Santa Fe College investigating Jell-O wrestling
Published: Thursday, May 2, 2013 at 2:16 p.m.
Last Modified: Thursday, May 2, 2013 at 7:33 p.m.
Complaints about a Jello-O wrestling contest at the Society for Nerds “Evolution of the Nerds” party at Santa Fe College has prompted an inquiry about whether the activity violated school policy prohibiting sexual harassment and discrimination.
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During meetings of the college senate and Career Service Council, some employees asked why the college was having Jell-O wrestling contests, calling such events demeaning to women and “salacious,” Human Resources Director Lela Frye said.
No one officially complained that they had been harassed, but the college must investigate even third-party complaints of activities that affect women, minorities and other protected groups, no matter the source, Frye said.
“It's the college's commitment to ensure we have a campus free of discrimination or harassment,” Frye said. “It would be negligent on our part not to explore on our part what was termed as a salacious event.”
Frye said she has to remain neutral as she looks into the matter, but said she heard nothing but positive feedback from students and faculty who attended the event.
“We're probably being overly cautious of protecting our college community and would not want to do anything that is offensive,” she said.
Adjunct faculty member and Senate representative Robin Harpe sent an email out to employees Thursday that the college's equal access/equal opportunity coordinator “received negative feedback related to the Jell-O wrestling activity and its impact on (and representation of) women” under College Rule 2.8: Policy Prohibiting Discrimination and Harassment.
The email directed employees to a Web link to fill out a survey, asking various questions about how they felt about Jell-O wrestling, whether they would attend Jell-O wrestling events and if they knew whether or not such an event had occurred on campus. The surveys are due Friday.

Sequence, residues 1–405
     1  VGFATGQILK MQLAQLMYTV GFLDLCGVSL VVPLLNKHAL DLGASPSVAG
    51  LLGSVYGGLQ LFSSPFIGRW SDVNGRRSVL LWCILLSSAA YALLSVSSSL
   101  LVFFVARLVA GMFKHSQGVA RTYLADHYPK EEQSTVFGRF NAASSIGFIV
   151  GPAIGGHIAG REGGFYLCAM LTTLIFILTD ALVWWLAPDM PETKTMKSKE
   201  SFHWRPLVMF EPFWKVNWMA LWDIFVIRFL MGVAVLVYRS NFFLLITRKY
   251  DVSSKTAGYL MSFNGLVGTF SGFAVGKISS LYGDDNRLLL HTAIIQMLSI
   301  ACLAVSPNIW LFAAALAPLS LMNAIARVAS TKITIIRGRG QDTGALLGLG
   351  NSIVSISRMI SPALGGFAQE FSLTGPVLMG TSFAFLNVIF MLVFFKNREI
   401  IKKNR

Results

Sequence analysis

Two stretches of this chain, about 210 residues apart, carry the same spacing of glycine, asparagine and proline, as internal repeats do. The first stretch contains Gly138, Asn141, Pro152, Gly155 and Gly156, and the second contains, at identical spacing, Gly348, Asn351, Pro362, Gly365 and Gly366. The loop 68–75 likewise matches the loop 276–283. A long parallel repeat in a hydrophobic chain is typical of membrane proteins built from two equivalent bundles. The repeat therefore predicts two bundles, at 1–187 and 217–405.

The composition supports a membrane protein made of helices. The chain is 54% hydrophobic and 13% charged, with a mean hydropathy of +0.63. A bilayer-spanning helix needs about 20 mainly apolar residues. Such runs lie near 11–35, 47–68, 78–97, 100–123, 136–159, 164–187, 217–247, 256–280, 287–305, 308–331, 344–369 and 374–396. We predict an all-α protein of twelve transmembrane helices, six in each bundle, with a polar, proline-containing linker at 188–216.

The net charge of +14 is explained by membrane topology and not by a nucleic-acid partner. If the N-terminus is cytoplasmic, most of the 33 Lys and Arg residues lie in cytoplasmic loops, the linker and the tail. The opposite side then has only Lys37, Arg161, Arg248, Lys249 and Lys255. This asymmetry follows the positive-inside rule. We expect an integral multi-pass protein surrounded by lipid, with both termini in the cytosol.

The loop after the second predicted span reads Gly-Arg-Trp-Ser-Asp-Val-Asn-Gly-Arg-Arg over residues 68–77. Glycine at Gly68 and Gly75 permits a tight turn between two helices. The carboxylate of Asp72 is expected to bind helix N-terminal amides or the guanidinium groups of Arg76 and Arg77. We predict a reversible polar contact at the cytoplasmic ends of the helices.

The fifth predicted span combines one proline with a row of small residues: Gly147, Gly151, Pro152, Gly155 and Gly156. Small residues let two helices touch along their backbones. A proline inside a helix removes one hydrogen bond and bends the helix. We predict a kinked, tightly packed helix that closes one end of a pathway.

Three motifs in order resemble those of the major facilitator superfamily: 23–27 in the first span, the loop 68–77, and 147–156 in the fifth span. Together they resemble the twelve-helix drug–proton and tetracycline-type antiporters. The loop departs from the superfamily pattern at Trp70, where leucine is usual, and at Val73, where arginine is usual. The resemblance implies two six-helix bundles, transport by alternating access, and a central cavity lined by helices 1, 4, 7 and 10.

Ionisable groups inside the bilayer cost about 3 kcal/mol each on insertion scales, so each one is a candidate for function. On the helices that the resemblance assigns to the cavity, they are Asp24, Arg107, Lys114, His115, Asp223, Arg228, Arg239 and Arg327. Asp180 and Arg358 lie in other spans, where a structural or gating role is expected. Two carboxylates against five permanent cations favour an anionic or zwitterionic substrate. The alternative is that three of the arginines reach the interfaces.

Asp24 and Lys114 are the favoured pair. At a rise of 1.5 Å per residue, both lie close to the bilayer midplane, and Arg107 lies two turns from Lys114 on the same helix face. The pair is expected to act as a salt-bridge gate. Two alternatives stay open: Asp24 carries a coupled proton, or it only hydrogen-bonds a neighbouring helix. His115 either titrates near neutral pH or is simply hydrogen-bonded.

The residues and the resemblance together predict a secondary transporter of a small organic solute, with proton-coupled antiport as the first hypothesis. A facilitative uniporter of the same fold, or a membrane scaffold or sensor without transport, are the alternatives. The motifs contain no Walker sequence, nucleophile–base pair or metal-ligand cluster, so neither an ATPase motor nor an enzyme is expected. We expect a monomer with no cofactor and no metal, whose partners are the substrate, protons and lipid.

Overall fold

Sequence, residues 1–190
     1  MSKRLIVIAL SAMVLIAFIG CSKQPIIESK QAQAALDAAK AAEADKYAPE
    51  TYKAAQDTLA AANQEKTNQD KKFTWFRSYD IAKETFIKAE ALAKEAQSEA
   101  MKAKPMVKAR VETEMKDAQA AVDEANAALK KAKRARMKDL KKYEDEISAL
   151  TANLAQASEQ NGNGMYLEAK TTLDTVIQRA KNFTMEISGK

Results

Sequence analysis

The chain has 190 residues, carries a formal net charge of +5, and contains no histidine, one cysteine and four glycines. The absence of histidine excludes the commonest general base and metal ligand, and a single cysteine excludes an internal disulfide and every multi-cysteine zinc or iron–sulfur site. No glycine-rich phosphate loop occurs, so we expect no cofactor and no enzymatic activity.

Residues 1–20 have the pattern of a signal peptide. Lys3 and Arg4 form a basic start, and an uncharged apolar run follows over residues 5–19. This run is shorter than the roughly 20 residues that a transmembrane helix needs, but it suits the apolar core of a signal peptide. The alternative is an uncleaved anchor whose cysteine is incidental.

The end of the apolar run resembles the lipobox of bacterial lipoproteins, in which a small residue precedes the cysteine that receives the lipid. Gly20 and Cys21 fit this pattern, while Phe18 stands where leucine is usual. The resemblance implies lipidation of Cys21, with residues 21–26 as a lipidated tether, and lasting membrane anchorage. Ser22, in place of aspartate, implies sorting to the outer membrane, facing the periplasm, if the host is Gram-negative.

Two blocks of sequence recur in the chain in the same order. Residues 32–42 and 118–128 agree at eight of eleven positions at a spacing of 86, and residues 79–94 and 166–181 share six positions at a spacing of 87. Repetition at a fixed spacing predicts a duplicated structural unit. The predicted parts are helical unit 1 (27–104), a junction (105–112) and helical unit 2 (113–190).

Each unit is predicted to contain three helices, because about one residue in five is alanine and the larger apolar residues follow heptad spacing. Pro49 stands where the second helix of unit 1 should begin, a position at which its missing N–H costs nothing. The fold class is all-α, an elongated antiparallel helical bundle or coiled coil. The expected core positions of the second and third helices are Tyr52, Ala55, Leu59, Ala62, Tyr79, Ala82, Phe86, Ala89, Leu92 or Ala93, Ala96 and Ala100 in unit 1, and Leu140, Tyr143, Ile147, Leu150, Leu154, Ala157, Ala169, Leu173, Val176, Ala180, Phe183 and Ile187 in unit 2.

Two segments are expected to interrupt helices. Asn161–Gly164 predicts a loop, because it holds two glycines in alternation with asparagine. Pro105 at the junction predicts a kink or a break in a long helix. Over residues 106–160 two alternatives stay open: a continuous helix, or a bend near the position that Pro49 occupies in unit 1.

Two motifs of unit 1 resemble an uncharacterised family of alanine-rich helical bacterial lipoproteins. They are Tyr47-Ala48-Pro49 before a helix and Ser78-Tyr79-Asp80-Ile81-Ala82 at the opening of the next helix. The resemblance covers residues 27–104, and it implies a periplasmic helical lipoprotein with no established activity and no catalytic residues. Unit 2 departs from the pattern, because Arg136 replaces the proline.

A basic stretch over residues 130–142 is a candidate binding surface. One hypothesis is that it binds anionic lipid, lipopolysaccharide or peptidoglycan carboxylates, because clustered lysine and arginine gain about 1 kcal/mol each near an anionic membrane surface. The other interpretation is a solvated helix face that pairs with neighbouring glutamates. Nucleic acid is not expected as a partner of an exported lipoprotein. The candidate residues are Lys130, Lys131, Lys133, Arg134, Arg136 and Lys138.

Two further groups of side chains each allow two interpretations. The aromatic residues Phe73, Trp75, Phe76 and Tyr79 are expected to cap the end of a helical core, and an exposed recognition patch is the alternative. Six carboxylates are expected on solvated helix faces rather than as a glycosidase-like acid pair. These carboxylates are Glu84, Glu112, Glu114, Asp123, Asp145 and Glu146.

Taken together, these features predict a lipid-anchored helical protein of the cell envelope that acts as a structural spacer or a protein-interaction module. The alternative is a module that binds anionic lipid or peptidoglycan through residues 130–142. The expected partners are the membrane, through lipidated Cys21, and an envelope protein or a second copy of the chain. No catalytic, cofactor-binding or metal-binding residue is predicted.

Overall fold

According to its website, Society for Nerds is “A group dedicated to all Nerdy and Dorkish pursuits, including Trading Card Games, Role-Playing, Trivia Nights, Video Games and other such things.”
Andres Alvarez, vice president of the Society for Nerds, said the “Evolution of the Nerds” event took a year of planning, and the Jell-O contest had been vetted by the student and faculty senates and other administrative offices, he said.
Faculty members and college police were present, and the reaction to the event was overwhelmingly positive, he said.
“I don't know where harassment comes in,” he said. “There was no male to female contact.”
The Jell-O wrestling contest drew about 12 contestants, Alvarez said, who had to wear dark T-shirts and shorts and could not participate in bikini suits or underwear.
“It is not as if they were walking around naked or in bathing suits,” he said.
David Houder, director of communications at Santa Fe, confirmed that the event went through all the proper channels, mainly for safety concerns. Nobody at the time raised an issue about the Jell-O wrestling.
“As far as we know, everyone involved were cool with it,” Houder said. “It went through all the channels. Nobody looking at that approval process went ‘Oh, wow, Jell-O wrestling is a bad thing.' ”
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